How does one explain the New Testament texts that seem to announce the imminent arrival of the long-awaited Day of the Lord?
In this study, Dale Allison presents a comprehensive analysis of the first-century beliefs about the period of suffering and tribulation which was to precede the general resurrection of the dead. Although such beliefs were not uncommon, they have received little attention from New Testament scholars. Dr. Allison argues that they provided the conceptual tools that allowed New Testament writers to make sense of the death and resurrection of Jesus, without abandoning altogether Jesus' own messianic expectations and belief in some imminent radical change. Dr. Allison shows that the realized eschatology of the Gospels is not, as is so often thought, the product of Jesus' own teaching and preaching. Rather, it stems from the reflection of the earliest Christian communities on the death of Jesus, in the light of his belief in a imminent End.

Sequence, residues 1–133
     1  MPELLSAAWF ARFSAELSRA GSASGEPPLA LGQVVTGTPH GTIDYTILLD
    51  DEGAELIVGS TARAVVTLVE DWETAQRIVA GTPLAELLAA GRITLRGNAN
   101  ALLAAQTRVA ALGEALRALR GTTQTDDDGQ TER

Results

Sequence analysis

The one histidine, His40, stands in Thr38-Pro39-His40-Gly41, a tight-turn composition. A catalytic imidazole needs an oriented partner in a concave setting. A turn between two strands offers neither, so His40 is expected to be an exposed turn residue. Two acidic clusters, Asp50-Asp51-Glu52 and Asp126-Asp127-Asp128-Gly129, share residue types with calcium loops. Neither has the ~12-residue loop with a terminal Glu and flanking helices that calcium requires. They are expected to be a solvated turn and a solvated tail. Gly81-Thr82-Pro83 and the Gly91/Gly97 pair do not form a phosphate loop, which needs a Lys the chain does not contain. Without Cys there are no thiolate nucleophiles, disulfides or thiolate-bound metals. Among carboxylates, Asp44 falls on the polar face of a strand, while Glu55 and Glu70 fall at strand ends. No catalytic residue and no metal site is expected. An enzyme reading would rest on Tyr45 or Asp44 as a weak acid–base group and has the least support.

Dr. Allison offers a stimulating and detailed account of the teaching of Jesus and of the New Testament records of the passion and resurrection of Jesus. He concludes his study with an important discussion of the way this process of reflection has continued throughout Christian history and indeed how it continues to influence Christian thinking today.